Skip to content


Chhaganlal Himatlal Vs. the Bombay, Baroda and Central India Railway - Court Judgment

LegalCrystal Citation
SubjectCivil
CourtMumbai
Decided On
Case NumberCivil Extraordinary application Nos. 279 and 280 of 1914
Judge
Reported inAIR1915Bom28(1); (1915)17BOMLR339
AppellantChhaganlal Himatlal
RespondentThe Bombay, Baroda and Central India Railway
Excerpt:
civil procedure code (act v of 1908), order xxxv, rule 5-interpleader suit-railway company not an agent of consignor.;a railway company can file an interpleader suit against the consignor and a third party claiming adversely to the consignor, as the company is not an agent of the consignor within the meaning of order xxxv, rule 5 of the civil procedure code, 1908. - maharashtra scheduled castes, scheduled tribes, de-notified tribes (vimukta jatis), nomadic tribes, other backward classes and special backward category (regulation of issuance and verification of) caste certificate act (23 of 2001), sections 6 & 10: [s.b. mhase, a.p. deshpande & p.b. varale, jj] caste certificate petitioner seeking appointment against the post reserved for member of schedule tribe his caste certificate was..........as it was an agent of the consignors. no authority has been cited in support of the proposition that the railway company by accepting goods for carriage becomes an agent of the consignors within the meaning of this rule. we do not think that the provisions of the indian railways act and the indian contract act lend any colour to such a contention; on the contrary, they indicate that by accepting the goods the company enters into an independent contract with the consignors for the carriage of the goods.2. the result, therefore; is that the rules must be discharged with costs.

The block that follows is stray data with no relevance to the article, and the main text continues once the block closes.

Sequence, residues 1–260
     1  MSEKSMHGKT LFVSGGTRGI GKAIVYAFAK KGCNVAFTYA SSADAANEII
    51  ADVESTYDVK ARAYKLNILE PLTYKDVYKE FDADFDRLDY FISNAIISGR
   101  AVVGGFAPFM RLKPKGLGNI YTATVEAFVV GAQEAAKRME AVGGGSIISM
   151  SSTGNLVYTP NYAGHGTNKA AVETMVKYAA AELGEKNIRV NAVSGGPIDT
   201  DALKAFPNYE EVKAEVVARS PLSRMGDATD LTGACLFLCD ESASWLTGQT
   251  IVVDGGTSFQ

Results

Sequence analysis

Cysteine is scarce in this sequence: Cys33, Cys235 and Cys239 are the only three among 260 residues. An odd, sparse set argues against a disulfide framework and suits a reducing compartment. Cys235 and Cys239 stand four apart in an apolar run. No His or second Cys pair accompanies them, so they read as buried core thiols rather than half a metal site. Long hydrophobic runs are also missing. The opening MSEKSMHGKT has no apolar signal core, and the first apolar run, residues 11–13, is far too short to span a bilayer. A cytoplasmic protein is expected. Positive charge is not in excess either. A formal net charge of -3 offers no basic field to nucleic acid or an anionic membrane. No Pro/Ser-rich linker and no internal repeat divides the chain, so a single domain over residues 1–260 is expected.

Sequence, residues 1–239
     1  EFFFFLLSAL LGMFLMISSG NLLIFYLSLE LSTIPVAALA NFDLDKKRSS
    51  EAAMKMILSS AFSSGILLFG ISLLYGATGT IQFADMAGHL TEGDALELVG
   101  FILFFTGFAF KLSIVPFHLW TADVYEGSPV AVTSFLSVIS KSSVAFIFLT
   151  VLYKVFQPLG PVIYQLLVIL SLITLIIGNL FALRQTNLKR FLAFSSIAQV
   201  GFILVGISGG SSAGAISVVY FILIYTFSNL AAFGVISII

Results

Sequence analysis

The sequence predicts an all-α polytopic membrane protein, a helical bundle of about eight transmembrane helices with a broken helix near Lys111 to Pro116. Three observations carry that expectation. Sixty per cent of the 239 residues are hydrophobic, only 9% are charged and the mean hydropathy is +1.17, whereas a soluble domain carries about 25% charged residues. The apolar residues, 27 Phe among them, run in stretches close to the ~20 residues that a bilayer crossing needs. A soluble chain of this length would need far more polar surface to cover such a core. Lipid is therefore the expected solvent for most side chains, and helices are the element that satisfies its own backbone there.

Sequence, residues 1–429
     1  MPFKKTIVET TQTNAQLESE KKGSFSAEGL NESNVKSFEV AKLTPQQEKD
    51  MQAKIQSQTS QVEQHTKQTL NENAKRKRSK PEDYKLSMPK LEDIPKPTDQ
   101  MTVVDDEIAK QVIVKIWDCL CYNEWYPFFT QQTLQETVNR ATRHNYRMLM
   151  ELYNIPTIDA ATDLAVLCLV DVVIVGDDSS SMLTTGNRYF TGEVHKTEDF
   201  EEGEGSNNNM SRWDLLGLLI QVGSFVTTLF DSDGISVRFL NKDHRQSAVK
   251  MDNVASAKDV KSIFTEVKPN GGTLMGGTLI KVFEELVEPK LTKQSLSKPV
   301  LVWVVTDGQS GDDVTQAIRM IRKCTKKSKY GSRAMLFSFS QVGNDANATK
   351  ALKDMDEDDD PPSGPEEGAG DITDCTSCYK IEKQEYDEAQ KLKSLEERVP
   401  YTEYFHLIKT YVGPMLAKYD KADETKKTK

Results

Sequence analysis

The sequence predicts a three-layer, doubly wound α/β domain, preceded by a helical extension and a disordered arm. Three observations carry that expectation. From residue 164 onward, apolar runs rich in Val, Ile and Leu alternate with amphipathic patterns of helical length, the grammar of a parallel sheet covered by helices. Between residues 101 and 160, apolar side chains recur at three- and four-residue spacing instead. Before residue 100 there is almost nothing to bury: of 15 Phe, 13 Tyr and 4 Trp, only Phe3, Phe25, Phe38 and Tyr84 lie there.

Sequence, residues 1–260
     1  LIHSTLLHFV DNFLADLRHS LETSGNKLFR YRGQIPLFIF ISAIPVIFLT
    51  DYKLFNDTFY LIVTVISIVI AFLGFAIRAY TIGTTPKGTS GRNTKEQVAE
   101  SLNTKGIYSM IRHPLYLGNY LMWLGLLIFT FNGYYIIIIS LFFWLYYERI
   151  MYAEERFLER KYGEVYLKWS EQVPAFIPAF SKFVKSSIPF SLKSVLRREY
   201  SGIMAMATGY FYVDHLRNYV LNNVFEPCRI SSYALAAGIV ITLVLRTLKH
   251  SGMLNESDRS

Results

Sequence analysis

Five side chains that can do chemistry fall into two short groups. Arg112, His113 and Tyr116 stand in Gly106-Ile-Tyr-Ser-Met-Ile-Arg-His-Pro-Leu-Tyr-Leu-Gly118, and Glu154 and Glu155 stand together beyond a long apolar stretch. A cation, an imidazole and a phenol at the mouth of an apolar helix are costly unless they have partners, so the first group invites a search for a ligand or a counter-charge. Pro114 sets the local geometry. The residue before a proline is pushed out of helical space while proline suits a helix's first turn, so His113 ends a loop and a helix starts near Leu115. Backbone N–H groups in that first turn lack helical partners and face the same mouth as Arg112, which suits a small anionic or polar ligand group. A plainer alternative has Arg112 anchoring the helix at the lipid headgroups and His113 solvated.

Judgment:

Shah, J.

1. The only point urged in these applications by way of objection to the decision of the lower appellate Court is that, in virtue of Order XXXV, Rule 5 of the Civil Procedure Code, it was not competent to the Railway Company to institute an interpleader suit as it was an agent of the consignors. No authority has been cited in support of the proposition that the Railway Company by accepting goods for carriage becomes an agent of the consignors within the meaning of this rule. We do not think that the provisions of the Indian Railways Act and the Indian Contract Act lend any colour to such a contention; on the contrary, they indicate that by accepting the goods the Company enters into an independent contract with the consignors for the carriage of the goods.

2. The result, therefore; is that the rules must be discharged with costs.


Save Judgments// Add Notes // Store Search Result sets // Organizer Client Files //